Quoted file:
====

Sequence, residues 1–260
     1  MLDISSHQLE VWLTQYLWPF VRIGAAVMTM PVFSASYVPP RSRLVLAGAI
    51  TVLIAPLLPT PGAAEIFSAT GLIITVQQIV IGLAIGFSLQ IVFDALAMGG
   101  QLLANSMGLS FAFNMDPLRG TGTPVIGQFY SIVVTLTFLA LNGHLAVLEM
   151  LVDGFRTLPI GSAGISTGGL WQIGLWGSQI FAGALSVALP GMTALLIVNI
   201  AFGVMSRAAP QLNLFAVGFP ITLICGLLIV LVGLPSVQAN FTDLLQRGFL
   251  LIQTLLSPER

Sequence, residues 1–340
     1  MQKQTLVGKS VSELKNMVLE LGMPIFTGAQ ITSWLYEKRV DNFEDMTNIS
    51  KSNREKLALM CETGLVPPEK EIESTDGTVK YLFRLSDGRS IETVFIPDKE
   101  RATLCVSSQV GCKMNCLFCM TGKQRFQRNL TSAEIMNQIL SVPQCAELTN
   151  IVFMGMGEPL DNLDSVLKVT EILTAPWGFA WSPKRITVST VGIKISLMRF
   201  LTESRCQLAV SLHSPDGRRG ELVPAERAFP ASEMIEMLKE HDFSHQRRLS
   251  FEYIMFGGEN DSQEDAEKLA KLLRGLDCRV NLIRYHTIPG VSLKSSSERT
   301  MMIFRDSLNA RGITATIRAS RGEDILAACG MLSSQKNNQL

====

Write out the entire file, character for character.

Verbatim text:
Sequence, residues 1–260
     1  MLDISSHQLE VWLTQYLWPF VRIGAAVMTM PVFSASYVPP RSRLVLAGAI
    51  TVLIAPLLPT PGAAEIFSAT GLIITVQQIV IGLAIGFSLQ IVFDALAMGG
   101  QLLANSMGLS FAFNMDPLRG TGTPVIGQFY SIVVTLTFLA LNGHLAVLEM
   151  LVDGFRTLPI GSAGISTGGL WQIGLWGSQI FAGALSVALP GMTALLIVNI
   201  AFGVMSRAAP QLNLFAVGFP ITLICGLLIV LVGLPSVQAN FTDLLQRGFL
   251  LIQTLLSPER

Sequence, residues 1–340
     1  MQKQTLVGKS VSELKNMVLE LGMPIFTGAQ ITSWLYEKRV DNFEDMTNIS
    51  KSNREKLALM CETGLVPPEK EIESTDGTVK YLFRLSDGRS IETVFIPDKE
   101  RATLCVSSQV GCKMNCLFCM TGKQRFQRNL TSAEIMNQIL SVPQCAELTN
   151  IVFMGMGEPL DNLDSVLKVT EILTAPWGFA WSPKRITVST VGIKISLMRF
   201  LTESRCQLAV SLHSPDGRRG ELVPAERAFP ASEMIEMLKE HDFSHQRRLS
   251  FEYIMFGGEN DSQEDAEKLA KLLRGLDCRV NLIRYHTIPG VSLKSSSERT
   301  MMIFRDSLNA RGITATIRAS RGEDILAACG MLSSQKNNQL